In the studio with Shehzaad Jiwani of Greys

Greys frontman talks AC/DC and Axl Rose, personal politics and the band's new, super-secret project

GREYS with TV FREAKS and CASPER SKULLS at the Garrison (1197 Dundas West), Friday (May 13), doors 9 pm. $12, $10 advance. See listing.

What were you recording during this photo shoot at Union Sound?

I can’t talk about it. I’m sorry! It’s a top-secret thing. But I can say that [our new album] Outer Heaven was done at Hotel2Tango in Montreal.

I think of Greys as a punk band, but Outer Heaven isn’t really a punk record.

I think of us as a punk band, too, but my idea of what a punk band is is a band that goes out of its way to not play punk rock. Like, I consider Pavement to be a punk band. 

Talk about your relationship to the studio.

We used to treat the studio as a way to capture what we do live as best we could. The goal was to document what it was like to see us live. This time we wanted to embrace being more of a studio band because of some of the records we were listening to: Portishead, Broadcast. We thought it’d be interesting to make it more beefed up. Ironically there’s less going on in terms of studio tricks. It’s the most stripped-down recording we’ve ever done.

On one song you sing about race, and on another the Bataclan attacks. Is this LP more political than your first?

I don’t see the personal and the political or whatever you want to call it as mutually exclusive. To me, your reaction is always going to be personal. Whatever I’m singing about is my perspective. Me talking about the colour of my skin is no different than on the last record where we had a song about how girls in a band will always be viewed differently than guys. It’s no different from a song about how I wish Kurt Russell and Patrick Swayze were the same person. One is no more personal than the other.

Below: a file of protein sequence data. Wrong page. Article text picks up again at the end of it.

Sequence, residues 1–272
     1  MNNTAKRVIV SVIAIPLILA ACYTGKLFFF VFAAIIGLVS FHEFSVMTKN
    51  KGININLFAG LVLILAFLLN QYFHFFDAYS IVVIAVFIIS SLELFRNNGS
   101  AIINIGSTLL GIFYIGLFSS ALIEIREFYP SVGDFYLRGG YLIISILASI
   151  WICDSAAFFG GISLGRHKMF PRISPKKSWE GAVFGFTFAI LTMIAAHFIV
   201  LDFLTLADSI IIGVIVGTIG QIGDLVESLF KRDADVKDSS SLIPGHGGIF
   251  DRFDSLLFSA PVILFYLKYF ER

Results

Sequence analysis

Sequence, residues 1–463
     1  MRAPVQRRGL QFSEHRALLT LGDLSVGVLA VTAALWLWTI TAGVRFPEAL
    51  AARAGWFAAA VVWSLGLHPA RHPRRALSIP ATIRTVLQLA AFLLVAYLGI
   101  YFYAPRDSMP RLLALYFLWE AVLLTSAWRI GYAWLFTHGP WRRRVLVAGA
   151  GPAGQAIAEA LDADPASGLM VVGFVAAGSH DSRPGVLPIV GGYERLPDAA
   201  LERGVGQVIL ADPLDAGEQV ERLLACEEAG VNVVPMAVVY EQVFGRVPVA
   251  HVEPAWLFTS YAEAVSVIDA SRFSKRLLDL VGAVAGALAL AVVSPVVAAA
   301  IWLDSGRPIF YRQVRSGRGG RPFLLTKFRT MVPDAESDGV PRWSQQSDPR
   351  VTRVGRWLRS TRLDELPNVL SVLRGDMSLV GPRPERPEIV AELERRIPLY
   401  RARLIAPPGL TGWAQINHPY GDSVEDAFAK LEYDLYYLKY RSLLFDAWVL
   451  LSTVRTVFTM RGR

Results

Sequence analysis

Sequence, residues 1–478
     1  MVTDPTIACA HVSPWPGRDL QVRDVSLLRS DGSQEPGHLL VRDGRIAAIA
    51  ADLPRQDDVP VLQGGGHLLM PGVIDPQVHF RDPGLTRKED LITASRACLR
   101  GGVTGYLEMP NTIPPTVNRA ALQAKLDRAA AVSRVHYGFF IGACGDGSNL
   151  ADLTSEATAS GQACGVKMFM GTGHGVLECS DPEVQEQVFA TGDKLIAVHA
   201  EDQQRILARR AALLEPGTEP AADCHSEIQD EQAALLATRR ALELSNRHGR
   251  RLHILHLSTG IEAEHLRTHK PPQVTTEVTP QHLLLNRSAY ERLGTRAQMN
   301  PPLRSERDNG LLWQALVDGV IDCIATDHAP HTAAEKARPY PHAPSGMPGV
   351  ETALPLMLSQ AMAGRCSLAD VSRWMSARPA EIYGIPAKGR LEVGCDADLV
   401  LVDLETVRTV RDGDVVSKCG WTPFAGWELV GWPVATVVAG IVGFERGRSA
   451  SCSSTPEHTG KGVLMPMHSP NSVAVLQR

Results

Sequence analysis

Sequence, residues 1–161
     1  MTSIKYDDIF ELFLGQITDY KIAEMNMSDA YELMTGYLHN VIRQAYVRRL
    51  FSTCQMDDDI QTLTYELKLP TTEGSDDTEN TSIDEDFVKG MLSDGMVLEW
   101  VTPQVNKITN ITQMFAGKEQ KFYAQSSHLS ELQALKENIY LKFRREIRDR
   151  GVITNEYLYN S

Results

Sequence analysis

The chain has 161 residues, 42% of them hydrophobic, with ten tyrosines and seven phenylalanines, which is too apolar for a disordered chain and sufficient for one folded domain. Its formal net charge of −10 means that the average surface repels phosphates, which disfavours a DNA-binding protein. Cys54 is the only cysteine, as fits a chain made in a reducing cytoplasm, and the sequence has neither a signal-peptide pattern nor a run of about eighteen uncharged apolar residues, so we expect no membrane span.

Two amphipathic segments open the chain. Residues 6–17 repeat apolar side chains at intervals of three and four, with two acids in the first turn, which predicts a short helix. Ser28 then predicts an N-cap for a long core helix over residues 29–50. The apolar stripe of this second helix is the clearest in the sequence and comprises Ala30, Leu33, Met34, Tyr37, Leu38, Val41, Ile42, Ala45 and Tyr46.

I might never write another song about [my skin colour], or maybe the next record will be entirely about that. It just depends what my head space is. Writing about the Bataclan attacks after playing a club right down the street from it, that is just as personal to me as a song about my parents. It’s always personal to me.

Yea or nay to Axl Rose joining AC/DC?

I’m actually really curious about what his motivations are. Is he out of money? Or maybe he’s turned a new corner in his life where he just wants to do fun stuff? I’ve never known Axl Rose to have a sense of humour. But I like that Axl Rose is currently a character in music in 2016, more than just this guy toiling over Chinese Democracy. | @carlagillis

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